From the blog.

Managing Digital Racket
The more I tune out, the less I miss it. But that has presented me with some complex choices for a nuanced approach to curb
Complexity – My Friend, My Enemy
Over my years of network engineering, I've learned that the fewer features you can implement while still achieving a business goal, the better. Why? Fewer

CCIE Week 1 – Core Crash

615 Words. Plan about 4 minute(s) to read this.

I went back to work last Thursday. The day started out as a normal day. Plowing through endless piles of e-mail. Trying to figure out what projects I should actually be working on. Reviewing change controls. After a while, a little problem comes up with a DSL line on one of our buildings, so I head over to take a look at it. Not 30 minutes away from my desk, my cell goes off with an “all hands on deck” call because of a problem in one of our data centers.

I speed-walk back across the campus to my desk, and hop on the conference bridge. One of our core 6500s took a nosedive, and not a graceful one. We run dual-core 6500s, and each 6500 has dual sups. We still don’t know exactly what happened, but one of the sups on one of the 6500s went into a death spiral, but not badly enough to cause an SSO/NSF failover to the hot standby sup. The failover did eventually happen, but it took about 7 minutes. During those 7 minutes, life was ugly. EIGRP adjacencies flipping out, HSRP groups confused, firewall HA clusters losing their minds, etc. But after the sup finally failed over, traffic began forwarding normally – mostly. Something about the crash took a WS-X6548 card down, too. The card showed ethernet link for everything connected, but was only showing inOctets – no outOctets. That caused some firewalls to lose their minds, because the HA between the firewalls was still all confused. Async routing through firewalls resulted, and oof…what a mess. Once the badly behaving WS-X6548 card was identified and the firewall ethernet connections moved to a different card, life settled back down.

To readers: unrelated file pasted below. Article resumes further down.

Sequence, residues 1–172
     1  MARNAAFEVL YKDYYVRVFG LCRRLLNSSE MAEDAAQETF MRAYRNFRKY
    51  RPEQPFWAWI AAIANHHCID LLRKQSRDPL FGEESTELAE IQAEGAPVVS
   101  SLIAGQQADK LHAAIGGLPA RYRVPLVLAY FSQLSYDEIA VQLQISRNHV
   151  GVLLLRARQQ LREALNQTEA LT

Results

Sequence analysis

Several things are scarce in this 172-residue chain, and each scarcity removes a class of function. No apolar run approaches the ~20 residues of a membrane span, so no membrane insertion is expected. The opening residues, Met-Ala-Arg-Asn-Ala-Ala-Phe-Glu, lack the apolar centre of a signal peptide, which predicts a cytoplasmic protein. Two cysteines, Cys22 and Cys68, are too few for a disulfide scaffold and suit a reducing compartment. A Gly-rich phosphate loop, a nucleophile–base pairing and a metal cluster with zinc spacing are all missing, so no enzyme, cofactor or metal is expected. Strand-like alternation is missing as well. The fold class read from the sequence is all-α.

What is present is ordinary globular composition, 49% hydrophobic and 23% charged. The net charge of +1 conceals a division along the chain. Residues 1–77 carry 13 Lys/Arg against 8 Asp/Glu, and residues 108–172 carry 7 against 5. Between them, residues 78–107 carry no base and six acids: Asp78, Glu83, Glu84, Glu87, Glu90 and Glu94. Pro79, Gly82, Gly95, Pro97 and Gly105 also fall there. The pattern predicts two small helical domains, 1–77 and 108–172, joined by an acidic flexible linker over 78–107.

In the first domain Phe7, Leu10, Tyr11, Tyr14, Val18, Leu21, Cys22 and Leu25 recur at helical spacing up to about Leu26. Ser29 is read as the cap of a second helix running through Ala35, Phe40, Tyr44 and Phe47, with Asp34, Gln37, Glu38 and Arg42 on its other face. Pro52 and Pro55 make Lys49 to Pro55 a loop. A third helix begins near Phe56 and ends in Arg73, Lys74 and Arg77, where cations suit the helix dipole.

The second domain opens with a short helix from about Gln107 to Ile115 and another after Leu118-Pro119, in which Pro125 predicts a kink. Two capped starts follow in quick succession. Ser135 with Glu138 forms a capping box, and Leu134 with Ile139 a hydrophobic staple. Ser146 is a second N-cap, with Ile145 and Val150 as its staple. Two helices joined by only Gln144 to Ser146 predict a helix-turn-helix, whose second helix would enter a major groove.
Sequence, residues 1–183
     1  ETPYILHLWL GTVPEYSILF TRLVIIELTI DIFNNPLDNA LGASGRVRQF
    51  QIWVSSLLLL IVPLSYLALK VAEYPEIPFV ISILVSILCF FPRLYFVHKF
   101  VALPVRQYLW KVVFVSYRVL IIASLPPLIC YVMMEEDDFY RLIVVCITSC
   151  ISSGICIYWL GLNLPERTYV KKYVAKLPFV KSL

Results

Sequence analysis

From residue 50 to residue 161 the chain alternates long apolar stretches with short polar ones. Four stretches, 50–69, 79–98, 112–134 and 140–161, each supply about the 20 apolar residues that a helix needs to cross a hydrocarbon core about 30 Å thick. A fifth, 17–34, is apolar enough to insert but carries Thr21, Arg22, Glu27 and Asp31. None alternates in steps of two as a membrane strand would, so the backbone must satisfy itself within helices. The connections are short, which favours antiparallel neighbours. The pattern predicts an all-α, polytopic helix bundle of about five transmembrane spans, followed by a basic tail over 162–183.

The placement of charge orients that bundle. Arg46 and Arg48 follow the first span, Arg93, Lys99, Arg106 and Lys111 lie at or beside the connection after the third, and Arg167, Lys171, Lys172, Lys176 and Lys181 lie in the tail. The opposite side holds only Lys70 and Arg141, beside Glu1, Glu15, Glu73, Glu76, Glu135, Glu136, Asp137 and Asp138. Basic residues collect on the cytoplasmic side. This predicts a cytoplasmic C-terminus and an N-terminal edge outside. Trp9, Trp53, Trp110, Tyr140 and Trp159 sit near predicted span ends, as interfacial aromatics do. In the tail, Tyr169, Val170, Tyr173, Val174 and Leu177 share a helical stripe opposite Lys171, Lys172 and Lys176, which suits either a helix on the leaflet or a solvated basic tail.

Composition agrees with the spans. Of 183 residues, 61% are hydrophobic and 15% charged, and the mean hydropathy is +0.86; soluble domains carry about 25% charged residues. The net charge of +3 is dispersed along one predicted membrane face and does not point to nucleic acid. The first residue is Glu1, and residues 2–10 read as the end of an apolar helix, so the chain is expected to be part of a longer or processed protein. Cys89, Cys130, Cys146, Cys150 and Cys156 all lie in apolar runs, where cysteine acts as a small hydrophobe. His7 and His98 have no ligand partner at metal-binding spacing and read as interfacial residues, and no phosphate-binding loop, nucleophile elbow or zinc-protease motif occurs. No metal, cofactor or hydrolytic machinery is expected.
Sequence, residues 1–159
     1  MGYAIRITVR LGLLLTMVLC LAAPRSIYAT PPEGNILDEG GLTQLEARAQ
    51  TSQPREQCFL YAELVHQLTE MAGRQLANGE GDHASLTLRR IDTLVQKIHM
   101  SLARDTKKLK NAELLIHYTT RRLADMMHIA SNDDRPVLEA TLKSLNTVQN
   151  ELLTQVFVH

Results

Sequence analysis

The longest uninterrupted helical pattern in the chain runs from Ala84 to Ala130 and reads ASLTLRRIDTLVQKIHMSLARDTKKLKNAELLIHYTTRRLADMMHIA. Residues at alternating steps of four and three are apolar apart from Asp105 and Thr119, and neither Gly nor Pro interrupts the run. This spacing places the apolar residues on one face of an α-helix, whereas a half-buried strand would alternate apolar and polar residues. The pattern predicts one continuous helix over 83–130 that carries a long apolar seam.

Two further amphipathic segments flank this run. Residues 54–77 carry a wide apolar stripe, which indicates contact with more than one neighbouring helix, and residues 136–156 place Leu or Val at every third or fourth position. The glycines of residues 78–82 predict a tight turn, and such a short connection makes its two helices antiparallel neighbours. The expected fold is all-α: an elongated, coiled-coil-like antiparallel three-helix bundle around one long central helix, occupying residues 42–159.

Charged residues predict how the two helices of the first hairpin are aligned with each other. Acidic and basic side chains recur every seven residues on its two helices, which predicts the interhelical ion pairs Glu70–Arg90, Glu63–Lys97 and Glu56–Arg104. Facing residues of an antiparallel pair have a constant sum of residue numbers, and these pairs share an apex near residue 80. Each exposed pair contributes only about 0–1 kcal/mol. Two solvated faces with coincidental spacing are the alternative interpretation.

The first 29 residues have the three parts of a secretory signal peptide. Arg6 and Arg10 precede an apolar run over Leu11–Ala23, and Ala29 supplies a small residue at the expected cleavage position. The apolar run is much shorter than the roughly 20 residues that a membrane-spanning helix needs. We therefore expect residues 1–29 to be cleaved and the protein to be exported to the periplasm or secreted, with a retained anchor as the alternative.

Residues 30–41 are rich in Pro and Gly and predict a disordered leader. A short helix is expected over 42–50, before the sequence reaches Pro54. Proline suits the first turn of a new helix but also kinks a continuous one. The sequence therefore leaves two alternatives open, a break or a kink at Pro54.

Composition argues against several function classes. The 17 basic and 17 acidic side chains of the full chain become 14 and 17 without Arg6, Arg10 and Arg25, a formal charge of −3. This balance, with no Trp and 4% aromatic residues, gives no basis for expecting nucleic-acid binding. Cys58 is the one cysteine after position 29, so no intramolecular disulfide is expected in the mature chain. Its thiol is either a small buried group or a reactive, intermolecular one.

I volunteered to open the TAC case to try to figure out what happened. I looked for the crashinfo ahead of time with a good ol’ “dir all”, but didn’t see anything. I posted a “show tech” for the TAC engineer, hoping that would help. No luck. Without the crashinfo file (which no one can explain why it wasn’t created), we have no idea why the sup took that nasty nosedive…or why it took about 7 minutes for the failover to occur.

We do know that the IOS we’re on is deferred. Obviously, it wasn’t deferred at the time the 6500s went into production – but it is now. We don’t know why it’s deferred (TAC is researching that for me, since the deferral notice for our particular IOS is not publicly available on cisco.com anymore), but deferred usually means Not Suitable For Production. An IOS upgrade was on the board for this year anyway, since we need to go higher to support the 10 gig cards we’re installing. I’ve been hoping that something in the 12.2(33)SXH family gets certified by the Safe Harbor program, since there’s a lot of advanced IOS features in there I’d like to have at my disposal on my core cats.

So my first day back at work was not a gentle easing back into things. Nope – got thrown to the wolves right on day one. <sigh> The kind of an outage we experienced certainly would have hurt less if we had the staffing levels to do more design and less implementation. On my team, we’re usually so busy making stuff go, that we rarely get the chance to do design review and get improvements on the board. We get to do redesign when Something Really Bad happens, and we’re forced to react. That’s life, I guess…but it means my life between now and our peak season (the holidays) are probably going to be a smidge more stressful than I might have liked.